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Cough Assist and Secretion Removal

People with spinal cord injury are at risk for retention of secretions because of an increased prevalence of pneumonia compounded by lower expiratory flows during cough, which is greatest during the acute phase after SCI. Increased prevalence of respiratory infections, although decreased during the rehabilitation phase of recovery, is still higher in people with SCI compared to age-matched healthy people. Reduction in expiratory flows during cough is related to the higher levels of SCI. Of considerable surprise, several devices that have been shown to be effective in people with other chronic respiratory conditions have not been evaluated in people with spinal cord injury.

Table 18: Secretion Removal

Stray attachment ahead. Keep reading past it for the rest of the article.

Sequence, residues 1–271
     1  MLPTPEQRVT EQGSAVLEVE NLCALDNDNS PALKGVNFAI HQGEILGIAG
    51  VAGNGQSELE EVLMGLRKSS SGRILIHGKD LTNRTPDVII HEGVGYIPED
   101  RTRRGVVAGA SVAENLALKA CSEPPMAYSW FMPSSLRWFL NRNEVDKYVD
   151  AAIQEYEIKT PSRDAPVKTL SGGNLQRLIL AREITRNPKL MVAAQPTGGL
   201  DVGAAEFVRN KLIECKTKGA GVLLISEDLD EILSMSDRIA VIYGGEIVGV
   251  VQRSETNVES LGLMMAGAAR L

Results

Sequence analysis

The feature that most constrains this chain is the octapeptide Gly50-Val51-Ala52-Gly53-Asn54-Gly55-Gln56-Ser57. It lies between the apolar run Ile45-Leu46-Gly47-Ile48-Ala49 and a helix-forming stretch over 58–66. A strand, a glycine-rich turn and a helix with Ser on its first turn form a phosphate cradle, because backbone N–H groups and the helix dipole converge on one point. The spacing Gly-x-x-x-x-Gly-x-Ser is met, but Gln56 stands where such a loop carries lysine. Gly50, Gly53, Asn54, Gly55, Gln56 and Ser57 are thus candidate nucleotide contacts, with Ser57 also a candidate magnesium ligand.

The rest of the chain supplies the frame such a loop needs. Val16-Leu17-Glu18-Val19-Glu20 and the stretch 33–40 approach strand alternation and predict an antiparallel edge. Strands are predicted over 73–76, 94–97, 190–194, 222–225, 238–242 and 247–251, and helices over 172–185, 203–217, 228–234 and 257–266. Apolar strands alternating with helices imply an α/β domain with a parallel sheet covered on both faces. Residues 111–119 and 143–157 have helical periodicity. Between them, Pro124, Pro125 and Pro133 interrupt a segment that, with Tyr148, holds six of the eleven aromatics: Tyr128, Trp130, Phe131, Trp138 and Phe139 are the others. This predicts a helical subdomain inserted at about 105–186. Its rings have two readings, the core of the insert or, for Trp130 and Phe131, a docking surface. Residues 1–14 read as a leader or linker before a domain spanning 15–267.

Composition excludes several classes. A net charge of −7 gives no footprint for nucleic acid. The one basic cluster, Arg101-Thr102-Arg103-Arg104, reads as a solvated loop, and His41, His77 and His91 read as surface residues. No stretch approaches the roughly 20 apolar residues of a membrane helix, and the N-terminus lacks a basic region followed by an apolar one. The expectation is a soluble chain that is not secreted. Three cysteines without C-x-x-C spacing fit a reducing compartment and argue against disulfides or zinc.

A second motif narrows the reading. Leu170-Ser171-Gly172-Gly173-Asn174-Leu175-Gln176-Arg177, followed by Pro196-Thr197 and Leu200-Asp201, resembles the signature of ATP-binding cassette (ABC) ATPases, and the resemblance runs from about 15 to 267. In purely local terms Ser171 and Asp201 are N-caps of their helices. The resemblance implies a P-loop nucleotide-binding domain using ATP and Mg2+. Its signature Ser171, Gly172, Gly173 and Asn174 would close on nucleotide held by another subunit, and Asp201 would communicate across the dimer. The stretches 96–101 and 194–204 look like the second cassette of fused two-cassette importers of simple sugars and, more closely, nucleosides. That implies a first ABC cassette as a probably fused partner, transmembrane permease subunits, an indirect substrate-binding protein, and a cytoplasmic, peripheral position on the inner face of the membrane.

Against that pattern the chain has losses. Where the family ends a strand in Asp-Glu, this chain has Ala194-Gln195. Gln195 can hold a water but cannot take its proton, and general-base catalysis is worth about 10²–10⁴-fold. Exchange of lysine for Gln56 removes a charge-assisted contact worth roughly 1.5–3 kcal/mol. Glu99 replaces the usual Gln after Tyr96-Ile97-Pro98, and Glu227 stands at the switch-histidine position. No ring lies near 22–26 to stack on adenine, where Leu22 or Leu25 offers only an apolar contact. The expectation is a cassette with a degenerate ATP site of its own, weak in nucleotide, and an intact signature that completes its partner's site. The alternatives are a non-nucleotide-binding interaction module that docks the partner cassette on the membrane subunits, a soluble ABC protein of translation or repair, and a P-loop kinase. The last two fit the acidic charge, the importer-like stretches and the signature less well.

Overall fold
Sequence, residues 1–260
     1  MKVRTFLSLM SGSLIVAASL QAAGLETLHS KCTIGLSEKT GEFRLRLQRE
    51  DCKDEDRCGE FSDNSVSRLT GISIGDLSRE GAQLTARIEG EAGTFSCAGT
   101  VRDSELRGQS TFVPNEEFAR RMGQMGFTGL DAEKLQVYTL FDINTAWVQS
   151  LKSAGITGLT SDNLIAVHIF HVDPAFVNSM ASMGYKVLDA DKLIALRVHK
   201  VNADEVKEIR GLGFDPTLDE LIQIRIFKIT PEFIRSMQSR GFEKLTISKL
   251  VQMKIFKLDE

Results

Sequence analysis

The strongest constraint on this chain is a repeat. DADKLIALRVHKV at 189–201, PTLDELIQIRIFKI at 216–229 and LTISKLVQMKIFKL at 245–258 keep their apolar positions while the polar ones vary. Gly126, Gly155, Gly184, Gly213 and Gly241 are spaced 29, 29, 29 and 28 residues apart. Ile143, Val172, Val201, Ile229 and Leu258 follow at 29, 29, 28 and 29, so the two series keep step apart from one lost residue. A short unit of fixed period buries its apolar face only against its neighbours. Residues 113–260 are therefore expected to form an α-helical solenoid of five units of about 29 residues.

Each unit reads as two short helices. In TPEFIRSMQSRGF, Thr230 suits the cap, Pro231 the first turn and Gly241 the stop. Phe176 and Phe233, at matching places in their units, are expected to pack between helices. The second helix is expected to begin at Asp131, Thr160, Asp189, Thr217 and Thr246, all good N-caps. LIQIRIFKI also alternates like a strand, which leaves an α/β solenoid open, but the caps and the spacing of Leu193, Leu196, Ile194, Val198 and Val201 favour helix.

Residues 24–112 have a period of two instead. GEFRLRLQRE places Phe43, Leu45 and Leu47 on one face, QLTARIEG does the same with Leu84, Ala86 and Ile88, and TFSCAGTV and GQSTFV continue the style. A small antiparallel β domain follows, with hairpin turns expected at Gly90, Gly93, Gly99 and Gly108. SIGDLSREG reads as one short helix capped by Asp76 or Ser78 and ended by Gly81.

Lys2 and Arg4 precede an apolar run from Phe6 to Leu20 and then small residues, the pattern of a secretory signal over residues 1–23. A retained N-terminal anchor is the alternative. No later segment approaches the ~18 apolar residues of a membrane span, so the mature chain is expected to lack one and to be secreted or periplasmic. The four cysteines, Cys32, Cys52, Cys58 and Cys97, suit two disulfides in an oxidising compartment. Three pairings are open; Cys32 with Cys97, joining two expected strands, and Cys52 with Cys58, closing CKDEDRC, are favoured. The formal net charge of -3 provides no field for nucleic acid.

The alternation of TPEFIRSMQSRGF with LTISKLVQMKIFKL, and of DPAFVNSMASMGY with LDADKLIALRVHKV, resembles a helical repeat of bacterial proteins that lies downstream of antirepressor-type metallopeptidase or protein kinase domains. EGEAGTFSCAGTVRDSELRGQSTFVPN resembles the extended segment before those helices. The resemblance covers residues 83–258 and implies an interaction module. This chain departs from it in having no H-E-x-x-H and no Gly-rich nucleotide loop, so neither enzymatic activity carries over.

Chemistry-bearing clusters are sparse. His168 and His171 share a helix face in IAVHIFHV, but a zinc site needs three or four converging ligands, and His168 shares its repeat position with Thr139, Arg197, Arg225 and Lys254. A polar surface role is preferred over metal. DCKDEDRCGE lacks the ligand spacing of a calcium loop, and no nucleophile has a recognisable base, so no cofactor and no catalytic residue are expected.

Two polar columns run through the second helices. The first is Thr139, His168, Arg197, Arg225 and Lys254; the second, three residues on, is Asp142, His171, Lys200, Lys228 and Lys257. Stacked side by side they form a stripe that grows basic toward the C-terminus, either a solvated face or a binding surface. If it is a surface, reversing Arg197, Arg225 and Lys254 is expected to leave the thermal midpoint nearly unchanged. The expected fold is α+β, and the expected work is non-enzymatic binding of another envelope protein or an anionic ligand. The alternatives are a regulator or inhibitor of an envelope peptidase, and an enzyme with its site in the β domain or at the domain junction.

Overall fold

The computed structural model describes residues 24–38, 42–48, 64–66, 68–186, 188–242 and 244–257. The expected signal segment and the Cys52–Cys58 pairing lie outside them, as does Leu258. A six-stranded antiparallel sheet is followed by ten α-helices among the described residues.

Very few studies have examined the effectiveness of secretion removal techniques in people with SCI even though respiratory complications are a primary cause of morbidity and mortality in this population. With the exception of one RCT, studies performed to date are limited by a survey (Garstang et al. 2000) or lack of documentation of valid measurement technique of standard pulmonary function (Kang et al. 2006). Limited evidence supports the postulate that improving inspiratory muscle strength (Kang et al. 2006) in addition to expiratory muscle force (Estenne et al. 2000) are important to maximize expiratory flows during cough. IMT (Van Houtte et al. 2008), electrical stimulation of the expiratory muscles (Linder 1993; Estenne et al. 2000; DiMarco et al. 2009, Butler et al. 2011), and mechanical insufflation/exsufflation (the application of positive pressure to the airway, then shifting to negative pressure to produce an expiratory flow simulating a cough) as an adjunct to manual respiratory kinesitherapy (Pillastrini et al. 2006) are three potential therapies that can maximize the force produced by the inspiratory and expiratory muscles, respectively, in order to increase expiratory flows during cough. With the exception of the small RCT assessing the latter (Pillastrini et al. 2006), RCTs examining the effectiveness of airway clearance techniques in people after SCI are lacking. RMT (Van Houtte et al. 2008) and mechanical insufflations-exsufflation (Crew et al. 2010) has been shown to decrease infections and tended to decrease respiratory hospitalizations per year, respectively.